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Happy New Year!

It's a brand new year, and the Revolutions blog is now three weeks into its sixth year. Hard to believe that a little over five years ago this was the only R-related blog; now there are more than 450 and the R project and the R community continue to thrive and grow.  To bring in the new year, I thought I'd take a look back at the 10 most popular R-related posts of 2013. In descending order starting with the post with the most pageviews in 2013, they are: Free e-book on Data Science with R Learn how to analyze data with R with Coursera's "Data Analysis" videos Statistics vs Data Science vs BI Visualize large data sets with the bigvis package Elements of Statistical Learning: free book download Trevor Hastie presents glmnet: lasso and elastic-net regularization in R Did an Excel error bring down the London Whale? Big Data Sets you can use with R Draw nicer Classification and Regression Trees with the rpart.plot package 10 R packages every data scientist should know about Some popular posts not directly related to R were Nate Silver addresses assembled statisticians at this year's JSM and A great example of Simpson's Paradox: US median wage decline. The most popular "Because its Friday" posts were Game of Thrones Family Trees and Ten Tech Tips from David Pogue. We've got plenty more to come in 2014: more guest bloggers, more data science and big data discussions, and of course much more R. I'd like to thank our many guest bloggers in 2013, especially Joe Rickert who featured several times in the top 10. I'd also like to thank my colleagues at Revolution Analytics for supporting this blog. And I'd especially like to thank the readers of this blog for insightful comments and great suggestions. Let us know what you'd like to see in the coming year the comments.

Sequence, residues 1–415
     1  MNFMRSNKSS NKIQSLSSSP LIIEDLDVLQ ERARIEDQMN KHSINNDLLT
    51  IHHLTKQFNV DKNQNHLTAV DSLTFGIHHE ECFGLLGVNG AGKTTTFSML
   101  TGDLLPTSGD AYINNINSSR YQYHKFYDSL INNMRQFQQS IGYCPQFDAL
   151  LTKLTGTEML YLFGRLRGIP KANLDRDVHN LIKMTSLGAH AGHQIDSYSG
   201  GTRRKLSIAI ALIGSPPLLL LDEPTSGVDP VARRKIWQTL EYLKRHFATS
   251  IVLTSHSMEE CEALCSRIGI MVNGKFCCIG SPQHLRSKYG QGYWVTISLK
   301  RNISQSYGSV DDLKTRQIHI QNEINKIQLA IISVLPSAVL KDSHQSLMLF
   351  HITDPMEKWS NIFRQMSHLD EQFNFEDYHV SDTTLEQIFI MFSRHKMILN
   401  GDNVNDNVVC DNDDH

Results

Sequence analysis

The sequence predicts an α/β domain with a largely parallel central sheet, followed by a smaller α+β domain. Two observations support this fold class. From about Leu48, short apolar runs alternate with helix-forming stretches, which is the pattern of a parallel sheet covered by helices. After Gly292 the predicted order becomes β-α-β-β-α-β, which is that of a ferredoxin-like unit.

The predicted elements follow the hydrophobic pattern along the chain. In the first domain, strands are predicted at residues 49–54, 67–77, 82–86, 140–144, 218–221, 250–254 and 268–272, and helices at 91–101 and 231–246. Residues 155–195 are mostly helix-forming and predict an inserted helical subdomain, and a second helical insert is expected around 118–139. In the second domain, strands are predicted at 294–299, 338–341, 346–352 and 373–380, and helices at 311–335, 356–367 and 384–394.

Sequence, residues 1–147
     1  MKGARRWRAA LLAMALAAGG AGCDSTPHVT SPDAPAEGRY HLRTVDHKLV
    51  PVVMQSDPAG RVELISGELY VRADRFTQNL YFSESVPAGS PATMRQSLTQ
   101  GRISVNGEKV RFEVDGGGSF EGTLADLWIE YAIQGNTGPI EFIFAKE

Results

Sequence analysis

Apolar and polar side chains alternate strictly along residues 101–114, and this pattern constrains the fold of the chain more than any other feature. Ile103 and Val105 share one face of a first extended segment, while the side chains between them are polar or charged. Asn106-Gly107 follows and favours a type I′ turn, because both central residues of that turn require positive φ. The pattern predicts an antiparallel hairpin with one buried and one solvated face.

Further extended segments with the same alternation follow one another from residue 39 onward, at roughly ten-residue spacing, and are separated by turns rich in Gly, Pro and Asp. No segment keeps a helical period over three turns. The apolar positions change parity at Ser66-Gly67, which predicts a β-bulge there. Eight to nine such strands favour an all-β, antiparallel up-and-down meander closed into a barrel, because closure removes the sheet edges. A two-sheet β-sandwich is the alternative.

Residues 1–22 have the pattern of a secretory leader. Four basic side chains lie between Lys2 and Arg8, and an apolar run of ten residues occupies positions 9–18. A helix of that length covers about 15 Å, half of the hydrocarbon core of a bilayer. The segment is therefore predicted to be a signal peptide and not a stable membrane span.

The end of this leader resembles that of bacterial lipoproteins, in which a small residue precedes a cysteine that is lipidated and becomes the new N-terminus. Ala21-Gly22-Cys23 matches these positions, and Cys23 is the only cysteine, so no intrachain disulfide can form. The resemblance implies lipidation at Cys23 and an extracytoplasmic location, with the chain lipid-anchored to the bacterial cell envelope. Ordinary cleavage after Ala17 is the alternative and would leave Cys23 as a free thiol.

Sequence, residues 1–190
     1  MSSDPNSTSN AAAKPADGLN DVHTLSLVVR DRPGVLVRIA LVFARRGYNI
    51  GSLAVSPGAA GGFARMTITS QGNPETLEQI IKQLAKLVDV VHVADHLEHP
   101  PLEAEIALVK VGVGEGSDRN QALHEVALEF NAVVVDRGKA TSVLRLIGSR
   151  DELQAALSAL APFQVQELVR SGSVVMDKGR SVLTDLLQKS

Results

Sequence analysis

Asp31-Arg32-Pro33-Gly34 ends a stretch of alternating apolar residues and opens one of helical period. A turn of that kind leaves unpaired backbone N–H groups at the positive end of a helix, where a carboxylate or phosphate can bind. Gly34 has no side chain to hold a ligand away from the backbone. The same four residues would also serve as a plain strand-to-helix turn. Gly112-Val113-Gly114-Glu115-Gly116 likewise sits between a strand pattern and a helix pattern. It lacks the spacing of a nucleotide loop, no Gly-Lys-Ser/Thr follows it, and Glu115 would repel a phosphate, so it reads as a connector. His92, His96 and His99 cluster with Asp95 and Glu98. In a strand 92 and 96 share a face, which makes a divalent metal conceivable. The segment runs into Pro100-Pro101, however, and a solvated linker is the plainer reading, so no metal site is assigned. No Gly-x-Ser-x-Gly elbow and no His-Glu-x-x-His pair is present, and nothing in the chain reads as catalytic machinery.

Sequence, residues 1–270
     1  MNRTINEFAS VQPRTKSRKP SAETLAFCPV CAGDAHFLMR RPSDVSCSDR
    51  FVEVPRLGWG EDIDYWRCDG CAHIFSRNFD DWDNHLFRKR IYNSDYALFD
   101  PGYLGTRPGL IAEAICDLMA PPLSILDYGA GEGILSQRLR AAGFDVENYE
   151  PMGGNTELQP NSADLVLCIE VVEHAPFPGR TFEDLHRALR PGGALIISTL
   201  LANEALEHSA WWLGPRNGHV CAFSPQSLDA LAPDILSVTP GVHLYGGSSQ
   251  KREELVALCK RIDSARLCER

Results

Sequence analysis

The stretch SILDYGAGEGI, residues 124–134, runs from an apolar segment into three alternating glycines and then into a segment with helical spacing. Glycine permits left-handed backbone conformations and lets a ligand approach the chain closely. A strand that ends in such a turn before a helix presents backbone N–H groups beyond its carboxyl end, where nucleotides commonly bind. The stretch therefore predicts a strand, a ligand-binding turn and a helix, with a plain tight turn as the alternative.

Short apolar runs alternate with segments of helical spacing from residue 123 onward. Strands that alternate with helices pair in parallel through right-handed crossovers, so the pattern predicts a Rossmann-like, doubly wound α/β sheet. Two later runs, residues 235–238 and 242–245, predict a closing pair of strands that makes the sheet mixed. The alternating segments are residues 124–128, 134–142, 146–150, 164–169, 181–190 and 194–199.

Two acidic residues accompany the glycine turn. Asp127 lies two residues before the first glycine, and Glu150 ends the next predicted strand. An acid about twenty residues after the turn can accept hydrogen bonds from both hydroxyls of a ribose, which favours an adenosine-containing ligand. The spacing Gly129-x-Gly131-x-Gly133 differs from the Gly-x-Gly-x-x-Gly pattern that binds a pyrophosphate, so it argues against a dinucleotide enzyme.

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More Stories By David Smith

David Smith is Vice President of Marketing and Community at Revolution Analytics. He has a long history with the R and statistics communities. After graduating with a degree in Statistics from the University of Adelaide, South Australia, he spent four years researching statistical methodology at Lancaster University in the United Kingdom, where he also developed a number of packages for the S-PLUS statistical modeling environment. He continued his association with S-PLUS at Insightful (now TIBCO Spotfire) overseeing the product management of S-PLUS and other statistical and data mining products.<

David smith is the co-author (with Bill Venables) of the popular tutorial manual, An Introduction to R, and one of the originating developers of the ESS: Emacs Speaks Statistics project. Today, he leads marketing for REvolution R, supports R communities worldwide, and is responsible for the Revolutions blog. Prior to joining Revolution Analytics, he served as vice president of product management at Zynchros, Inc. Follow him on twitter at @RevoDavid